Cybertheque (correctly pronounced Si-Ber-THECK) is one of the newer additions to the McGill library system. Below Redpath, the library is adjacent to the Redpath-Leacock tunnel. It’s best known for its vibrant colours, group study areas, electronic resources, and overuse of glass in its design. As far as I can tell, the only books allowed in the study space are Mac Books.
Noise Level – Cybertheque goers are generally serious studiers. They tend to stay quiet and keep to themselves. However, as a swinging glass door is the only thing separating Cybertheque from the chaotic pandemonium known as the Redpath cafeteria, the din seems to sneak into the study space. If you’re near the door at Tim Horton’s opening hours, headphones or earplugs are pretty useful. When the cafeteria closes down, the click of keyboards is the noisiest thing around. Bottom Line: Cybertheque might as well be next to one of the busiest cafeterias on campus, oh wait… (3/5)
Accessibility – Just downstairs from Redpath and McLennan, Cybertheque isn’t hard to get to. The only issue might be it’s confusing location for new-comers, located behind the stairwell downstairs to the cafeteria. Open almost 25 hours a day, Cybertheque is a popular destination for nocturnal students. Bottom Line: Cybertheque is never far away, hard to find, or closed. (5/5)
Study Setup – The desks in Cybertheque are, like the space itself, new and trendy. Some like the vast open tables, but for others it feels a bit too communal. With almost as many computers as Trottier, it’s nice for those without portable machines. When not crowded, the sprawling desks are quite nice. On the other side, the colourful couches offer a less formal study setting for those who don’t like the rigid structure of particle board to do their work on. Bottom Line: Cybertheque’s modern appeal includes its fancy new desks and computers. The more casual half looks more like an Ikea showroom than a library. (5/5)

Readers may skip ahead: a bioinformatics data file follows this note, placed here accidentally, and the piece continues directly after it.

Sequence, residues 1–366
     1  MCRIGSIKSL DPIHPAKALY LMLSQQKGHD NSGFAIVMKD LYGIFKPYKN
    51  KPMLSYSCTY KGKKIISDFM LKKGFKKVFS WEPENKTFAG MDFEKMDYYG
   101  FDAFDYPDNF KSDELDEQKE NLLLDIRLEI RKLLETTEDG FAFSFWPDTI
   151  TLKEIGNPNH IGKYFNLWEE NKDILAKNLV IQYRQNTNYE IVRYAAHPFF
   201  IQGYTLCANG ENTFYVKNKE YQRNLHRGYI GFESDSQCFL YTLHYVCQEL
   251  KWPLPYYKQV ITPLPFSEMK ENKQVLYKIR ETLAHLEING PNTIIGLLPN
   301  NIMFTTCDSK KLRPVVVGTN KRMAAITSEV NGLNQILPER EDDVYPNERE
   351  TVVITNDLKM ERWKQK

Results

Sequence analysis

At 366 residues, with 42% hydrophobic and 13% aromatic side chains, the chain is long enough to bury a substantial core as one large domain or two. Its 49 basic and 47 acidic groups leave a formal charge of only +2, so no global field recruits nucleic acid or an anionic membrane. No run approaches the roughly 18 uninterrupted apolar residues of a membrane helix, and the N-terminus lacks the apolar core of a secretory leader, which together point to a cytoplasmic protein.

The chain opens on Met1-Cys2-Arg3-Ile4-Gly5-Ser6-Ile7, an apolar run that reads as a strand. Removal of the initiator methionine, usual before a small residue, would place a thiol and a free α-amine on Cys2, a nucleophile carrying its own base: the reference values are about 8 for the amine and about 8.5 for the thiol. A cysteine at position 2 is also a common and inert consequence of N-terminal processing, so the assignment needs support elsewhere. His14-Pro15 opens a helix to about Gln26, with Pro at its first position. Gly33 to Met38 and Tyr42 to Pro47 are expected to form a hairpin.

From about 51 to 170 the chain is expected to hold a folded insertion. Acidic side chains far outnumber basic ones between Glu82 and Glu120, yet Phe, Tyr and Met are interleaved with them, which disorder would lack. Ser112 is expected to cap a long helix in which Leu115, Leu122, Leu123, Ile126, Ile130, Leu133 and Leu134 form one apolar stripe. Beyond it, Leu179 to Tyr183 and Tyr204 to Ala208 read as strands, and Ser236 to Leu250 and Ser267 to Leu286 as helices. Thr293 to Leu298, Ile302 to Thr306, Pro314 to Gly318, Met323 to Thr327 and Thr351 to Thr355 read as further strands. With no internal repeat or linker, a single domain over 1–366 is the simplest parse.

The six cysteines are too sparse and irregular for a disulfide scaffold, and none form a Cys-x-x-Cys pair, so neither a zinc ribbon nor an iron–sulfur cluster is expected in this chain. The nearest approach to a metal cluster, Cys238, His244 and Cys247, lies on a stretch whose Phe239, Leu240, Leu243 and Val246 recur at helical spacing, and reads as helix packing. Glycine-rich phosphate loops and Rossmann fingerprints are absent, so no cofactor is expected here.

Facilities – One of Cybertheques major weaknesses, the adjacent cafeteria, is also a strength. Only feet away from Tim Horton’s, those who use the library during the cafeteria’s opening hours are never far from a coffee break. For those boycotting McGill Food Services, it’s not hard to head upstairs and across Sherbrooke to Second Cup. The Redpath cafeteria has large bathrooms with awesome, high powered hand dryers – be sure to check them out. Bottom Line: Cybertheque is not far from food, or bathrooms, although late night goers might have to travel a bit farther for a bite to eat. (4/5)
Décor – Cybertheque was built using glass and colourful fabric. Some portions of the space resemble a children’s play yard, and others, a futuristic setting where we write quotes about education and reading on glass. The setting in Cybertheque can be mildly overwhelming, with the only escape from the overwhelming colours being a glance out at lower field. Cybertheque feels much more modern than other libraries on campus. Bottom Line: The colourful setting can be a bit of a sensory overload. The glass pods in the middle are reminiscent of fish bowls. (1/5).
Overall Appeal – Cybertheque’s main draw is in its accessibility. Always open, it’s hard to avoid studying here at least once in your university career. The library is much easier to use at night, when the crowds have left the cafeteria, and the bright, colour-enhanced, setting is all that is keeping you awake. Cybertheque is a great fall-back study space for those who prefer another locale on campus. Bottom Line: Seriously, this place is never closed. (3/5)
Total Score: 21/30 [3rd]
Strengths: Accessibility, Study Setup, Facilities
Weaknesses: Décor, Noise Level